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7.2 magnitude quake rocks Alaska, triggers brief tsunami warning

The Alaskan peninsula was rocked by a 7.2 magnitude earthquake late Saturday local time, the United States Geological Survey (USGS) confirmed.

The USGS revised the quake’s magnitude down from an initial 7.4 after it triggered a brief tsunami warning.

The shallow quake hit at 10:48 p.m. Saturday (6.48 a.m. GMT Sunday), about 55 miles (89 kilometers) southwest of the small town of Sand Point, the agency said.

The National Tsunami Warning Center in Palmer, Alaska, canceled an earlier tsunami advisory for south Alaska and the Alaskan peninsula, saying it “no longer poses a threat.”

The quake generated minor tsunami waves of 15 centimeters (6 inches) above tide level observed at Sand Point and King Cove, it added.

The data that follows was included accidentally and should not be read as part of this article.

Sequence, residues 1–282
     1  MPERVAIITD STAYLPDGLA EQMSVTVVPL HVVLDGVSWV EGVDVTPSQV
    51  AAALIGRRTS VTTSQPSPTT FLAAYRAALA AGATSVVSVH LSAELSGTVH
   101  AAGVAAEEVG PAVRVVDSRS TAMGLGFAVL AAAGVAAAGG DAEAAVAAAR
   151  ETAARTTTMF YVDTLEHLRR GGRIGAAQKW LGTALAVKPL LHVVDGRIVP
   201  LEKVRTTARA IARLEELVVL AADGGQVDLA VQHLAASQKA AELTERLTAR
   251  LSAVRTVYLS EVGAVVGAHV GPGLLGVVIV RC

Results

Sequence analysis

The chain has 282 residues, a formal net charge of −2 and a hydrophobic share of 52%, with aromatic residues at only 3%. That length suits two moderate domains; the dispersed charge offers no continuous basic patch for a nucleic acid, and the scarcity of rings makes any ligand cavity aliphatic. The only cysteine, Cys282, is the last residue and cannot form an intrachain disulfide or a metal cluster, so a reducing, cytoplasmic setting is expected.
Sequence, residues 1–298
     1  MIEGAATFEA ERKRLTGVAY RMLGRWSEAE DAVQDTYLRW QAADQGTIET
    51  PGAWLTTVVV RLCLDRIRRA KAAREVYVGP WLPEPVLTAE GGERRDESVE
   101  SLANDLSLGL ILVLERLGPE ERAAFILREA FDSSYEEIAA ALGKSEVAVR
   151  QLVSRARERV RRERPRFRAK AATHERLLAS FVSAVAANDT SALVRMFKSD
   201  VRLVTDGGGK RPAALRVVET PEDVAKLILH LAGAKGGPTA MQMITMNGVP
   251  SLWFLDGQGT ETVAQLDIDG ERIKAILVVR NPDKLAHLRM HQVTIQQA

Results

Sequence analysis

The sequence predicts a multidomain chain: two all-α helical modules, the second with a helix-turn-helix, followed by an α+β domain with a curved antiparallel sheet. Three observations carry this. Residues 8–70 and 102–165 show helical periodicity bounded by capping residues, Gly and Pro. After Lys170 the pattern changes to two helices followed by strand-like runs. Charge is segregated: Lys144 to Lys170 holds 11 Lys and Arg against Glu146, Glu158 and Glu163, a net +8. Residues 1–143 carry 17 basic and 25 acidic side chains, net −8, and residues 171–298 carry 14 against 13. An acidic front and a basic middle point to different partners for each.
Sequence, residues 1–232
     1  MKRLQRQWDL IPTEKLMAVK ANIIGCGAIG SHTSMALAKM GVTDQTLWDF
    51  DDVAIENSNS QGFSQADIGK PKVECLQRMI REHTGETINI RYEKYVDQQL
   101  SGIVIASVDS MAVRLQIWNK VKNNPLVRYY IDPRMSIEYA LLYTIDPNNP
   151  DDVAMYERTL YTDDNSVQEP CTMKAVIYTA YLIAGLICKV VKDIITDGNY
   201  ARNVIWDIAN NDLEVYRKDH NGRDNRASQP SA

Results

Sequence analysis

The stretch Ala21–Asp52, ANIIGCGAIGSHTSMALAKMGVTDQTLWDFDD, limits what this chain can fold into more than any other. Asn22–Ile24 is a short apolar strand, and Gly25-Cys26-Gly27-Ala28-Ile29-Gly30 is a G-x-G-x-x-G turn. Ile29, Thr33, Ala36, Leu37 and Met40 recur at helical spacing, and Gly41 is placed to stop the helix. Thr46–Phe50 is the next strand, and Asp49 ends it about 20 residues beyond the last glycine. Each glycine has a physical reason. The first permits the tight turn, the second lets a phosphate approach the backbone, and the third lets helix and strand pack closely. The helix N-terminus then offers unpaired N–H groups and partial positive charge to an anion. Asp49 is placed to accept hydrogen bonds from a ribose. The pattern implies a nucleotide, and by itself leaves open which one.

“A tsunami was generated by this event, but no longer poses a threat,” it said, adding some areas may continue to see small sea level changes.

Alaska is part of the seismically active Pacific Ring of Fire.

The remote state was hit by a 9.2-magnitude earthquake in March 1964, the strongest ever recorded in North America. It devastated Anchorage and unleashed a tsunami that slammed the Gulf of Alaska, the U.S. west coast, and Hawaii.

The quake and the tsunami killed more than 250 people.

By Agence France-Presse – AFP

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